We live for moments like this. It was a stunning goal. Whisper it, but it immediately reminded me of his compatriot Fernando Torres in his pomp at Anfield, running free and scoring with ease. It will always be a major disappointment that we did not see Torres repeat such scoring at Chelsea. Eden Hazard, so good to have him on the pitch, was full of tricks and a shot was cleared off the line. With eight minutes remaining, a beautifully creative and cheeky chip from Fabregas was chested back – JT style – by Dave towards Morata, who nudged the ball past the Stoke ‘keeper.

Stoke City 0 Chelsea 4 and Jonathan Walters wasn’t even bloody playing.

A hat-trick for our new silky striker. I think there will be more, don’t you?

In the last few minutes, Morata could easily have made it 5-0, but that would have been beyond cruel. Stoke, despite our goals, had enjoyed much of the ball. Then, shamefully, a horrid Crouch tackle on Cesc blew away any sympathetic feelings I had for the home team. On another day, Crouch would have seen red.

We bounced out of the away end, and all was well with the world.

“You know what, ahead of our trip to Madrid, that could not have been any better preparation. I know it’s a different type of football, but Europe is all about soaking up pressure, and then hitting the opposition hard on the break.”

There is no Madrid trip for me, but I wish safe travels to all those going to the Atletico game on Wednesday. It should be a belter.

Give my regards to Fernando, Felipe, Tiago – and Diego.

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Tales From Sunshine On A Rainy Day

Leicester City vs. Chelsea : 9 September 2017.

With the international break behind us – I watched a total of around ten whole minutes from England’s two matches – we were thankfully back to proper football; football that means something, football that raises our spirits, football that brings us all together. An away game at Leicester City was in fact just what the doctor had ordered. From my home in the South-West of England, my route would take me right into the heart of England, mainly following the course of the old Roman road The Fosse Way, and through some achingly beautiful countryside. A perfect road trip lay ahead. It would, in fact, be our first domestic game outside London since the league championship clincher at West Brom last May. And it was an ideal game to get back into the swing of things; difficult but not insurmountable. However, the month of September would be a testing time for sure, with seven games lined-up, and it seemed that the football season was beginning to heat up.

Our visits to the King Power Stadium over the past few seasons have tended to be defining moments in each campaign. In 2014/15, a dominant performance and a 3-0 win set us up for the league clincher four days later. In 2015/16, a dismal evening of “betrayal” and a 1-2 defeat resulted in the sacking of Jose Mourinho the following day. In 2016/17, Antonio Conte declined the services of Diego Costa and with vultures gathering overhead, a potentially huge banana-skin was avoided as another 3-0 victory pushed us away from the pack and towards an eventual second title in three seasons.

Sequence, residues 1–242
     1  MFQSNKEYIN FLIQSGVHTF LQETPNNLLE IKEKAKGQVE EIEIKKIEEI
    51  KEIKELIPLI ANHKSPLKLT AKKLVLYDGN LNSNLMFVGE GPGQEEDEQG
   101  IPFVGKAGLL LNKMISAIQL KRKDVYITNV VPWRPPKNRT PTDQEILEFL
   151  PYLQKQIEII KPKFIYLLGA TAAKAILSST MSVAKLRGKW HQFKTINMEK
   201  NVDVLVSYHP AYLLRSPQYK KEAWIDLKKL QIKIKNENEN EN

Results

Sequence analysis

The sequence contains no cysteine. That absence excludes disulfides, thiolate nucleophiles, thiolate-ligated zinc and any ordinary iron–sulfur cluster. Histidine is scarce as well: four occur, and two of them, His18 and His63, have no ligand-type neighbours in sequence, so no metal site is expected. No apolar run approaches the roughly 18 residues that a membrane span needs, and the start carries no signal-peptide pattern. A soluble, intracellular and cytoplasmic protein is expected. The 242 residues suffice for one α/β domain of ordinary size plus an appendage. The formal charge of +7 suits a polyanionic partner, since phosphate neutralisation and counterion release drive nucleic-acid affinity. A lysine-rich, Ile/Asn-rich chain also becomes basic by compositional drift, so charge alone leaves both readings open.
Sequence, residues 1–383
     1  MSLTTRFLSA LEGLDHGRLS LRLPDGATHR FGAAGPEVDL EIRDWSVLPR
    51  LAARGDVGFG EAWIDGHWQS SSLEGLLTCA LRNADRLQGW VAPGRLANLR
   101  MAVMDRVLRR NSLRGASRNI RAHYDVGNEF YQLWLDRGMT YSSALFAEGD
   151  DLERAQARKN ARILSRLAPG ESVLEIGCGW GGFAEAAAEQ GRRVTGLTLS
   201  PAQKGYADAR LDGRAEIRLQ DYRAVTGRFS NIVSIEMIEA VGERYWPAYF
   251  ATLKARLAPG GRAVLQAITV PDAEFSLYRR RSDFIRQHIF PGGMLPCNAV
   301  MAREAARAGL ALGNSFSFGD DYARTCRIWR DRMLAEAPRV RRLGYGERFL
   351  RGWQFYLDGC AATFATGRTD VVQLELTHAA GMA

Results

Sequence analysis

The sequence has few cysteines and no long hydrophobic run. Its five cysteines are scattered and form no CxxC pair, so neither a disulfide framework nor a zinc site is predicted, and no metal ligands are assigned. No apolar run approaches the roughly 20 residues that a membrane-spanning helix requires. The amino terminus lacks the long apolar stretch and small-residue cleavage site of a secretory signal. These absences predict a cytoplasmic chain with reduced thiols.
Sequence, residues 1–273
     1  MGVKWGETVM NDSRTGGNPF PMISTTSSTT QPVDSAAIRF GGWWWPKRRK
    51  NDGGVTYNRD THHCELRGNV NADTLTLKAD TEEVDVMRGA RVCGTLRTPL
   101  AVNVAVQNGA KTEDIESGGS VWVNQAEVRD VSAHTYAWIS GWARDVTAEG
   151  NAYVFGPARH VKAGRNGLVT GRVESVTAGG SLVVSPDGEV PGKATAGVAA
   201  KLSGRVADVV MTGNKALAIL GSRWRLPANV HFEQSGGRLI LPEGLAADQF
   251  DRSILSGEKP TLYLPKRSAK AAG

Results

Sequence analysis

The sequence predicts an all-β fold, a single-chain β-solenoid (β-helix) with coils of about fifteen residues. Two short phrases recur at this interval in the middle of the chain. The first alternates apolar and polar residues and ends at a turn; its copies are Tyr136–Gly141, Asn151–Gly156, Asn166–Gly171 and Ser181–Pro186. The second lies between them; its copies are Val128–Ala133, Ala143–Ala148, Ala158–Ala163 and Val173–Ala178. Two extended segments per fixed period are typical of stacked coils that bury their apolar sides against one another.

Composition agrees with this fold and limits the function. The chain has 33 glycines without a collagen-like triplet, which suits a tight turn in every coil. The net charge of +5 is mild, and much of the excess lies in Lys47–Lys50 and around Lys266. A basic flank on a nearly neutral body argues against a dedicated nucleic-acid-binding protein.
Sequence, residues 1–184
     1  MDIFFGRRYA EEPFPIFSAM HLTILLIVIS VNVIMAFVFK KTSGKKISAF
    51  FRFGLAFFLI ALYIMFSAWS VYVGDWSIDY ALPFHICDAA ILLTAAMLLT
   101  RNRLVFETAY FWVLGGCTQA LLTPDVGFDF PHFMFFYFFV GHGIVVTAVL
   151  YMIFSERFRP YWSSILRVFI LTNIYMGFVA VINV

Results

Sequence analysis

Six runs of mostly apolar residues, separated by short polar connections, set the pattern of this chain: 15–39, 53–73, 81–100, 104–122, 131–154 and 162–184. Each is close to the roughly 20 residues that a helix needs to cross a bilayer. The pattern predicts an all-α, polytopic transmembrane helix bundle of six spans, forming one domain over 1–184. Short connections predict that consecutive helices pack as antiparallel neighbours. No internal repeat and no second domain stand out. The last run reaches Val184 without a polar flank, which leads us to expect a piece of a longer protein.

Of course, that Leicester City were the surprise champions in that middle season, and that N’Golo Kante and now Danny Drinkwater, had since swapped the royal blue of Leicester for the royal blue of Chelsea added a certain extra piquancy to the game.

The Chuckle Brothers were buzzing for it.

Our journey had taken us from Somerset to Wiltshire to Gloucestershire to Warwickshire and to Leicestershire. We had set off with sunny skies overhead, but with warnings of scattered showers throughout the day. We stopped for a pint at a pub at Charlecote, just off the Fosse Way, and soon into our hour-long drive in to Leicester, the heavens opened. What a downpour. The surface water made driving difficult. Thankfully, the storm soon passed and although huge billowing clouds were gathering on the horizon, the remaining miles were covered with no further rain. As we parked up at our usual place on Shakespeare Street – William, not Craig –  the sun was out and warming the air. Coats were worn, but rather reluctantly.

We were soon inside the away end.

“Time for a quick beer, Parky?”

We had chatted about the possible starting eleven on the journey, and the team that Antonio Conte chose contained few surprises.

Courtois

Azpilicueta – Luiz – Rudiger

Moses – Kante – Bakayoko – Alonso

Pedro – Morata – Fabregas

The Chelsea crowd, three-thousand strong in the corner, seemed full of voice as the minutes ticked down to kick-off.

An extended toot of the fox hunter’s horn sounded and the teams appeared. There was disdainful chatter about Everton’s “dirty grey” shirts a fortnight ago, but our “white” away colours hardly look pristine. The shirts and shorts were decidedly off-white. Only the socks looked crisp. It just looked odd.

Leicester City, in all blue these days, were on the back foot in the first few moments of the game. A forceful run from Bakayoko set up the prowling Morata, who steadied himself before curling a shot at Schmeichel. We looked impressive, and there was some good early pressure. A superb ball from Fabregas, playing a little deeper than his usual position – maybe it was a different formation that I had thought – released Morata but the ball did not drop favourably, allowing a smothering save from the Leicester City ‘keeper.